Gysinge RTL (Riding The Lines)
63 Mi.(101 KM)
% Rideable (time)
Starting in the 300-year-old historical village of Gysinge, on the edge of Färnebofjärdens National Park, this overnighter route takes you north on abandoned railway lines to loop over the lower section of Sweden’s second longest river, Dalälven. The character of this route is easy going, however, as is often required when linking up sections in bikepacking, you must be prepared to push through some parts to ride the best lines.
The northern half of Gysinge RTL follows parts of the Gästriksleden hiking trail, switching between the railway line, gravel roads, and singletrack sections. These are all 100% rideable except for one section requiring a one-kilometre singletrack link-up. This beautiful deep forest trail will keep you honest and add to the overall experience. It can be skipped with a long detour, but where’s the fun in that?
From a young age I developed a love for cartography, and I still regularly spend my time poring over maps. It’s a bit of an obsession. When researching for this route I came across a straight-lined feature that I presumed was an old railway line. There was no evidence to suggest anything else, and with a long span across a wide stretch of the Dalälven River, it made sense. So, you can imagine our surprise when we rode up to a 120-year old-hand built wooden canal, Spjutkanalen. The Spjut Canal was built in 1898 to help transport logs along the Dalälven from the Swedish mountains to the coast. Our trail follows along 7km of this 30km canal, and the long spanning bridge over the Dalälven is definitely one of the highlights of the tour.
A forgotten railway line gives us an escape from the sealed road and brings us to the spectacular village of Söderfors. A perfectly preserved “bruk” (iron working village) complete with its huge mansion (now a hotel), cathedral-sized church, and perfectly aligned worker’s houses allow us a glimpse back in time to where the world’s best iron anchors were once made.
The surprises aren’t finished there, though, as a hidden entrance to another overgrown abandoned railway line leads you up to several old iron bridges. Built in 1900, these bridges have been narrowed and are closed to all motor traffic. If you’re steady enough on your bike you might just make it through without touching your handlebars.
Route Development: I was originally looking to do a bikerafting route somewhere close to Stockholm when I began to research this area. On closer inspection of the region, it became obvious that a pure bikepacking ride would also be amazing. Sweden has over 250,000km of gravel roads, so it is just a matter of finding the points of interest and joining the dots in an elegant manner. It was an easy exercise in this region with this itinerary providing an amazing amount of history, culture, and adventure, all within a 101km route.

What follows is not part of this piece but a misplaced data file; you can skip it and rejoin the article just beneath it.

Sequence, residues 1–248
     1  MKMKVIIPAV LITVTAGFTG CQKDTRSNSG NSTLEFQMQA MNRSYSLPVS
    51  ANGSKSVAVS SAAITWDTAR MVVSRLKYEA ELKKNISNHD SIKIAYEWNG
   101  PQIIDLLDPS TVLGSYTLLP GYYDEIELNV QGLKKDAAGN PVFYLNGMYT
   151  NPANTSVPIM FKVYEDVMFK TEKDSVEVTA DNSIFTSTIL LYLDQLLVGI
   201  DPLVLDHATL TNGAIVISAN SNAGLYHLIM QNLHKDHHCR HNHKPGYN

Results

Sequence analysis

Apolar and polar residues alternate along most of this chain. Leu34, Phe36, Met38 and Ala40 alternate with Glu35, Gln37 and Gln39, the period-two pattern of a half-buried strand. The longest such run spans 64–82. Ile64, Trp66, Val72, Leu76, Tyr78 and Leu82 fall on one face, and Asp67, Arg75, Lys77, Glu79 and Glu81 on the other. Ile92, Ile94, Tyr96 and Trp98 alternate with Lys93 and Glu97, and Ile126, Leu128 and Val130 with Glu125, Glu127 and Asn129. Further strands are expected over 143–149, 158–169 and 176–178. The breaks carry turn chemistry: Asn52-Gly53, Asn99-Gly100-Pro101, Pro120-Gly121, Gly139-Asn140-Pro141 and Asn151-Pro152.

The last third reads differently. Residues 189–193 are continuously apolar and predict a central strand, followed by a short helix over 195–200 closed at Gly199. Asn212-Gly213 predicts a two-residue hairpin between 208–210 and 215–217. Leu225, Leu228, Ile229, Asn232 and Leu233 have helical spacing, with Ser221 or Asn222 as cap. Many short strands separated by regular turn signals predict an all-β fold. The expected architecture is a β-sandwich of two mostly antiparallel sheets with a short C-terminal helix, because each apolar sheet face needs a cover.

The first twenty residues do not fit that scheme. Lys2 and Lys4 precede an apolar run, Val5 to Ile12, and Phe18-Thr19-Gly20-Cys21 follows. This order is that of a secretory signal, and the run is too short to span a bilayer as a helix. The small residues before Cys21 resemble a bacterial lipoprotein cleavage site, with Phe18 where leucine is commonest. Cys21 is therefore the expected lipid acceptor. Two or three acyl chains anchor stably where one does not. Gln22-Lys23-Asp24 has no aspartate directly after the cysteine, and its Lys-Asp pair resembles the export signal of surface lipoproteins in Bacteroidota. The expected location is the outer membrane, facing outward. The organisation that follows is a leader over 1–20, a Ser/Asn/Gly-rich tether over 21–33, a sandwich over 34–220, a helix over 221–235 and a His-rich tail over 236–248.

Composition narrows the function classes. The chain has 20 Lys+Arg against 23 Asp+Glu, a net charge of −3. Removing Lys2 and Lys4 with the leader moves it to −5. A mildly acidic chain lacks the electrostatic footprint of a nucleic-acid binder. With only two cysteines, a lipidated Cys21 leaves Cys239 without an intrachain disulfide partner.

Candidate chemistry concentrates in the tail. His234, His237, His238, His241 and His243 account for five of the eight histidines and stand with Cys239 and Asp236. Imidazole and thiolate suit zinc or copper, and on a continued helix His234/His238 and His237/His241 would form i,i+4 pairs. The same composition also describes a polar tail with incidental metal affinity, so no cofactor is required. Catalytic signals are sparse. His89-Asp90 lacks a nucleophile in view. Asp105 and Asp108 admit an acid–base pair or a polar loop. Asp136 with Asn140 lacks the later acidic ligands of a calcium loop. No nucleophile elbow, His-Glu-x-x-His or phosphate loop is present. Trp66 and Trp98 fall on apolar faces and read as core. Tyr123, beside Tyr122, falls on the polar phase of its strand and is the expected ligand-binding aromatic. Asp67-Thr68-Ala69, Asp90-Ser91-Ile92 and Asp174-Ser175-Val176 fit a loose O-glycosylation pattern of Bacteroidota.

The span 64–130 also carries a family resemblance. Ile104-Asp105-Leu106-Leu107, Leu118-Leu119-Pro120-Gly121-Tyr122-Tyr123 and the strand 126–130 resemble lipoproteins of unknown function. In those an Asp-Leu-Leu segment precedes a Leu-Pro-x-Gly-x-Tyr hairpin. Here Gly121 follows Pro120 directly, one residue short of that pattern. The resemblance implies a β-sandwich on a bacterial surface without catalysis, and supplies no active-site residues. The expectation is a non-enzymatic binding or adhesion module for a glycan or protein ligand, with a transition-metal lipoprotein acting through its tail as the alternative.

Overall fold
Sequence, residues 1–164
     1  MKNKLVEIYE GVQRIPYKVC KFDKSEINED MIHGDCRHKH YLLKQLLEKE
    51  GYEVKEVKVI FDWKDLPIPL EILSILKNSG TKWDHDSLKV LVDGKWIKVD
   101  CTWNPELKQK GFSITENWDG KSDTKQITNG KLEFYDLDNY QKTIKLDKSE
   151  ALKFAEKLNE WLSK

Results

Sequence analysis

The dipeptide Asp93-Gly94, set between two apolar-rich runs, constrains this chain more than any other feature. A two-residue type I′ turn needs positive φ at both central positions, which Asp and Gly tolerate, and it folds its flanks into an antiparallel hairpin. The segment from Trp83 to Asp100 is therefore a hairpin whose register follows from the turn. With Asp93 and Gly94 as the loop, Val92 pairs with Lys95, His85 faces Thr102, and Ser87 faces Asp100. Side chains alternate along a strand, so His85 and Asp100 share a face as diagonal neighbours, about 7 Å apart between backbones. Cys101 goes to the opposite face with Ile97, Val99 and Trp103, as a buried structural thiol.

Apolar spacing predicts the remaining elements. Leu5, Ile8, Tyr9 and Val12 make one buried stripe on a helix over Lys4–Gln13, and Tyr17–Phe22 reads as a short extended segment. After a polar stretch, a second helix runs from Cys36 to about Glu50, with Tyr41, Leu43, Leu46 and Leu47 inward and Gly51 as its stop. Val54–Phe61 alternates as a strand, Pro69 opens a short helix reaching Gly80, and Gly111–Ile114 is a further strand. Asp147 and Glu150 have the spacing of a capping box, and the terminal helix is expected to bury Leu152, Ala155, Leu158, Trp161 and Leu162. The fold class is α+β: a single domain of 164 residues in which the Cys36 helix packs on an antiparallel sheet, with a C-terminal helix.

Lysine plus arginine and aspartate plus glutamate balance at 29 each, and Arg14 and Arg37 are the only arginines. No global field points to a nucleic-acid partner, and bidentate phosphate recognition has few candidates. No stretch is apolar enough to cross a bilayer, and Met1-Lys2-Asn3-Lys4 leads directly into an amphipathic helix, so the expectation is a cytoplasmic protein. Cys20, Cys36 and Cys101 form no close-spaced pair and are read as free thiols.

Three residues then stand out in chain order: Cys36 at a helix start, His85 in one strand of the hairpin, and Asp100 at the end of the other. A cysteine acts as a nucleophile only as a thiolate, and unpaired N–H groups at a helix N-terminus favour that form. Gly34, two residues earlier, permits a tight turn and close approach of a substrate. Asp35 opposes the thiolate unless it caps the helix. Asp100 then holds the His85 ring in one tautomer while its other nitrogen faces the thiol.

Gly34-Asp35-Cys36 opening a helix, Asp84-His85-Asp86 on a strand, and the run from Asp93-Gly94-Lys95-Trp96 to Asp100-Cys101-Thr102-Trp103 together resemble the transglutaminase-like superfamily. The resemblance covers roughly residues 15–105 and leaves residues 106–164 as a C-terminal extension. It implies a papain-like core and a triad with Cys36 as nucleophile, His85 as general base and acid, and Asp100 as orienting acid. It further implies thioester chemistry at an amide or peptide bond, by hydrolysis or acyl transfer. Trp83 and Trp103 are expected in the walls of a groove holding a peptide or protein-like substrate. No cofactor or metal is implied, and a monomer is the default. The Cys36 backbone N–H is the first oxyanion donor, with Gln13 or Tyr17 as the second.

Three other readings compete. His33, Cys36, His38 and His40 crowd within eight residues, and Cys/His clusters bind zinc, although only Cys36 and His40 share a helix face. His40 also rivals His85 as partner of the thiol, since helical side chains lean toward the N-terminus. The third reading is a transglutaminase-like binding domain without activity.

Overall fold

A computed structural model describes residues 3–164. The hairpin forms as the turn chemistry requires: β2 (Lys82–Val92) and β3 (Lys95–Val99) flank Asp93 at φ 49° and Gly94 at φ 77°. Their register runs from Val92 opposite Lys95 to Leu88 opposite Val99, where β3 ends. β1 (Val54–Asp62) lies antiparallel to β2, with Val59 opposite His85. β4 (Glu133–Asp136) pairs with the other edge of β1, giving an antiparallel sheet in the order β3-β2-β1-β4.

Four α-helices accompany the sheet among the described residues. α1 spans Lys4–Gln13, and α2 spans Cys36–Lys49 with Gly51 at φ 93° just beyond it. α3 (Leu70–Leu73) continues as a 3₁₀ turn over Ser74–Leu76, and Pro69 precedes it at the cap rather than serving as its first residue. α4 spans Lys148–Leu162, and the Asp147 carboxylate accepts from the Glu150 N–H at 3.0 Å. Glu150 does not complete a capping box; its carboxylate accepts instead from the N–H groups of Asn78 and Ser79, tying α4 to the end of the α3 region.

- Exploring the 300-year-old ironworking villages of Gysinge and Söderfors.
- Crossing the abandoned iron railway bridges.
- Traversing the wooden Spjutkanalen over the Dalälven River.
- Experiencing the lost feeling in the deep forests of Uppland.
- Watching the fishermen trying their luck at the rapids in Gysinge.
- Climbing the dam towers to view the Untrafjärden waters.
- Riding both sides of the official dividing line between north and south Sweden.
- The lower Dalälven region is infamous for its mosquitoes. Floodplains and marsh lands are the perfect breeding grounds, of which there are plenty. From the end of May until the first frost in October, be prepared for them if riding this tour. In saying that, there were almost none when we rode the route in late May.
- Parts of the trail were sandy enough to warrant MTB tyres. We suggest a minimum of 2.3” tyres.
- We began our tour in Gysinge after driving 120km up from Stockholm. We left our cars in the free parking of the Gysinge Nature Reserve. If you don’t have a car you can take the Pendaltåg or Mälartåg trains to Uppsala and then a second train, Upptåget to Tierp, and bike the 18km to Söderfors to meet the trail.
- We rode the route clockwise but either way would work.
- Allemansrätt is a group of bylaws which add up to allowing you to roam freely through the Swedish countryside. They also facilitate wild camping for up to two nights in the same location. It’s not quite a ‘free for all’ and some rules apply but in general you can camp where you please. For more information go to VisitSweden.com.
- There are food stores in Heddesunda and Söderfors.
- Since the tour follows around the Dalälven river there is nearly always access to water. We filtered or boiled before drinking.
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